Defender Of U.S. Cyberspace
InfraGard started as an FBI pilot project, but is now a national entity that shares information between the federal government and private industry, and has some 10,700 volunteer members and 79 chapters.
National chair Phyllis Schneck says that InfraGard receives analysis information from the Homeland Security Department and is meeting with Information Analysis and Infrastructure Protection leaders to find the best way for InfraGard to fit within the forming infrastructure protection architecture. She adds that the transfer of the FBI’s National Infrastructure Protection Center to the Homeland Security Department has offered InfraGard new opportunities to reach more people and rethink its model.
InfraGard works with other agencies as well, and Homeland Security assistant director Patrick Morrissey says that such cooperation and information sharing is a big part of the National Strategy to Secure Cyberspace.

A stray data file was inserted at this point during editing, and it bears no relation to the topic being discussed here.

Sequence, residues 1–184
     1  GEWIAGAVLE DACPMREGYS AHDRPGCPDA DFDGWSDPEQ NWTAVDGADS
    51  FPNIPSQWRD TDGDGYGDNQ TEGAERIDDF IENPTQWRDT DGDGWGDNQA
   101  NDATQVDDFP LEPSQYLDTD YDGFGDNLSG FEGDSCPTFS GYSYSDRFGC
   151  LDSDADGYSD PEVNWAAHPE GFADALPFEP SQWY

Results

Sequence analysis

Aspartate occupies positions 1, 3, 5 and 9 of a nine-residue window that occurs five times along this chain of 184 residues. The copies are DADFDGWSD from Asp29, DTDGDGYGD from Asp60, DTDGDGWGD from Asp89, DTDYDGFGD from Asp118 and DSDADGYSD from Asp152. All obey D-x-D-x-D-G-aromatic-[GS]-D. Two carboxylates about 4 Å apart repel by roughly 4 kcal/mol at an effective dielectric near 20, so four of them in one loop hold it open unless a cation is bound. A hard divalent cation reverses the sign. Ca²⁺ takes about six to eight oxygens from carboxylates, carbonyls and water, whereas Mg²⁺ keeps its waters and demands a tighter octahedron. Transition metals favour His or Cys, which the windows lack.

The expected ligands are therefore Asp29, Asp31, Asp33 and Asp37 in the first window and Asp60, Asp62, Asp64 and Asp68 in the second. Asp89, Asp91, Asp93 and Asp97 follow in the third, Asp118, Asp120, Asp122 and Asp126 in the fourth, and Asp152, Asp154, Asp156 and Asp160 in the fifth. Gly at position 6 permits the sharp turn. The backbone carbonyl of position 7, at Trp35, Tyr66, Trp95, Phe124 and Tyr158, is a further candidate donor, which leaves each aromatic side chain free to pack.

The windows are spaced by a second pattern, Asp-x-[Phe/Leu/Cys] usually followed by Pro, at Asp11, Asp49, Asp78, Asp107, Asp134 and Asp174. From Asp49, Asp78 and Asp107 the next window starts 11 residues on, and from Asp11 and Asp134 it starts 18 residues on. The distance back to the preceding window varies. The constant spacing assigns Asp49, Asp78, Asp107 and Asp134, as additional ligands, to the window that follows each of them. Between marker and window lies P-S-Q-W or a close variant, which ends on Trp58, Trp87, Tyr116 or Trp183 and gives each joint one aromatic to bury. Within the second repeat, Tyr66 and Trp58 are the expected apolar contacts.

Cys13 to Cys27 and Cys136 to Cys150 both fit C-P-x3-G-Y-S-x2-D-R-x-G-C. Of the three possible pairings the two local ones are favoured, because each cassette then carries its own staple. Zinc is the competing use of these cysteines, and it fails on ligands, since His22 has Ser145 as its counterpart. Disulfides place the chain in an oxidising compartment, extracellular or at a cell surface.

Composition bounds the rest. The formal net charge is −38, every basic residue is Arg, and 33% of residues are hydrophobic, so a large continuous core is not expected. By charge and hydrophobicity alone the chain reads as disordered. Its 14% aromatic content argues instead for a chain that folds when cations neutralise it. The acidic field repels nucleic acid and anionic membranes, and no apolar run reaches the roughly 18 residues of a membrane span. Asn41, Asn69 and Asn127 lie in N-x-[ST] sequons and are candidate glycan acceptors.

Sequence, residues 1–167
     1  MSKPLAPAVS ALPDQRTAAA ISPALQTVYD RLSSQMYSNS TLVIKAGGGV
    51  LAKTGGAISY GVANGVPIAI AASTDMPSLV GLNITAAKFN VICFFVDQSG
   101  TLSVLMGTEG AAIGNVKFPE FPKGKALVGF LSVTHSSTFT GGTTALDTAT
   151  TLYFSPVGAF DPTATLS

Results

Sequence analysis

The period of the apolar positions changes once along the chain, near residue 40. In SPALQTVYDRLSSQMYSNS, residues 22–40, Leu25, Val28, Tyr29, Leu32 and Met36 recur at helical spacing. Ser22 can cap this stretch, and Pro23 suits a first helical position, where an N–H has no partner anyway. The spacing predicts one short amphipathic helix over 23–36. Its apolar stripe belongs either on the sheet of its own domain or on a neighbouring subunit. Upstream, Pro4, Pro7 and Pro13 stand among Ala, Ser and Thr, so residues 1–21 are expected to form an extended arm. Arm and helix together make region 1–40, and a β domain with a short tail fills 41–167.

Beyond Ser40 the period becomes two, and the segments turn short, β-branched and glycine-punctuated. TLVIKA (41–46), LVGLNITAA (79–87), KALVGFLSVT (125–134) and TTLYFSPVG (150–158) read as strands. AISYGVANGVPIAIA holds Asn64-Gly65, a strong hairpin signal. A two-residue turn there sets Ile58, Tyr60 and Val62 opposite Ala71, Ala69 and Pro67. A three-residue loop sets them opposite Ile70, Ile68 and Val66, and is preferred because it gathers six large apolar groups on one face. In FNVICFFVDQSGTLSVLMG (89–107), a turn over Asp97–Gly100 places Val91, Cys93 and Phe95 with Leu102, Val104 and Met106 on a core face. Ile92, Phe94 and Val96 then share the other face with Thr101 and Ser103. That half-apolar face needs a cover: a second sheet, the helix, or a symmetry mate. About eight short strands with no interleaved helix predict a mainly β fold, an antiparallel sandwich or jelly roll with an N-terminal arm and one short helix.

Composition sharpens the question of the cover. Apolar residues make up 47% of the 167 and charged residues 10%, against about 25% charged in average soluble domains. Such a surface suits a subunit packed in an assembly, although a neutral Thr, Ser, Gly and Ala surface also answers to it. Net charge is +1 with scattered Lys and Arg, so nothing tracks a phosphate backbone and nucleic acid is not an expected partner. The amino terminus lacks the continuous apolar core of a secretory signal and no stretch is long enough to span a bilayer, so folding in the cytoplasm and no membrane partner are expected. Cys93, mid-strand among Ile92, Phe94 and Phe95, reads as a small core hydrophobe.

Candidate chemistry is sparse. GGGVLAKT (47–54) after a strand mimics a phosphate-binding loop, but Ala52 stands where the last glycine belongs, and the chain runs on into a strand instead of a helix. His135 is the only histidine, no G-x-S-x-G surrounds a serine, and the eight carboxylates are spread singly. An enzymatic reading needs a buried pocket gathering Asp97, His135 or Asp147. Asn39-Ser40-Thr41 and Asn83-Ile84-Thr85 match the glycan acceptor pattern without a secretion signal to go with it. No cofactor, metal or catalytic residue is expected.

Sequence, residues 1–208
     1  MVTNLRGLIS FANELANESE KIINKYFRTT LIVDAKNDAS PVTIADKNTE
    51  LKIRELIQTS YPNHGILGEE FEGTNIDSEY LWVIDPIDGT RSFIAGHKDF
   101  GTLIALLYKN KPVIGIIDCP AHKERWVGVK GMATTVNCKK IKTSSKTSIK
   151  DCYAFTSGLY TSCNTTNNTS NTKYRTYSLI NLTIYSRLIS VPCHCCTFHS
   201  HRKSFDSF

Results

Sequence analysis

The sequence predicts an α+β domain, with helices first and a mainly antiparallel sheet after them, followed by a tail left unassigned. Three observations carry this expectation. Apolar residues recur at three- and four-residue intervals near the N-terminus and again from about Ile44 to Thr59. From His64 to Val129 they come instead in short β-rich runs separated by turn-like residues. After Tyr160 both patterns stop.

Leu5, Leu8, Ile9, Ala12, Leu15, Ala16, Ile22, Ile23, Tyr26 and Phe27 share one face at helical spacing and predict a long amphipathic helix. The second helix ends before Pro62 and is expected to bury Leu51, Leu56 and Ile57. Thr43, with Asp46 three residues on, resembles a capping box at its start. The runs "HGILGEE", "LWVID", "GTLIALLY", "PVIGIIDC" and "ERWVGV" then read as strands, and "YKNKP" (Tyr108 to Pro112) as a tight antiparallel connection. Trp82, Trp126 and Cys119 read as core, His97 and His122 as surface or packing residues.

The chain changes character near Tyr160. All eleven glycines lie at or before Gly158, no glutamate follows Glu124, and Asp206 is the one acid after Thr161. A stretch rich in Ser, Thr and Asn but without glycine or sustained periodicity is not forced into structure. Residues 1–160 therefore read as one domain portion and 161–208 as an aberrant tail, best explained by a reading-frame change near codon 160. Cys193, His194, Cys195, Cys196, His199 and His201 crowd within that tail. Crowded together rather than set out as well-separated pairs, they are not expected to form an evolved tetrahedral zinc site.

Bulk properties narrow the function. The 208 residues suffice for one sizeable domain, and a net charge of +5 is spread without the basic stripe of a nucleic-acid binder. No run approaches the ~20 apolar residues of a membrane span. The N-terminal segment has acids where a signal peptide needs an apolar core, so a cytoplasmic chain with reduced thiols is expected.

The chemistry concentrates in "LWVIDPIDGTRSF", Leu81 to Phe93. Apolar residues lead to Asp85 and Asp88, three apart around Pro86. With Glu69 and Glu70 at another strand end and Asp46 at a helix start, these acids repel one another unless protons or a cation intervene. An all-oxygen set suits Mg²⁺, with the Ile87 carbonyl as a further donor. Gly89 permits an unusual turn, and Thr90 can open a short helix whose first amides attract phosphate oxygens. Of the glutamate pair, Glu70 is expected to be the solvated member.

“Our membership demographics span all critical infrastructure sectors and all company types and sizes, making InfraGard an excellent information gathering and dissemination mechanism,” Schneck says.
Observers note that InfraGard draws strength from its local chapters, some of which are very well organized and active, and others which have disintegrated. Members are drawn to the organization out of a sense of patriotic duty.
Don Withers, founding president of the Maryland InfraGard chapter, notes that seemingly small incidents may, when put together, reveal a larger picture.
InfraGard is seeking funding from both the private and public sectors; the non-profit gets FBI support already, and local chapters get support from private firms, but the organization as a whole is looking for corporate sponsorship.
Abstracted by the National Law Enforcement and Corrections Technology Center(NLECTC) from the SC Magazine (03/04) Vol. 15, No. 3, P. 20; Savage, Marcia .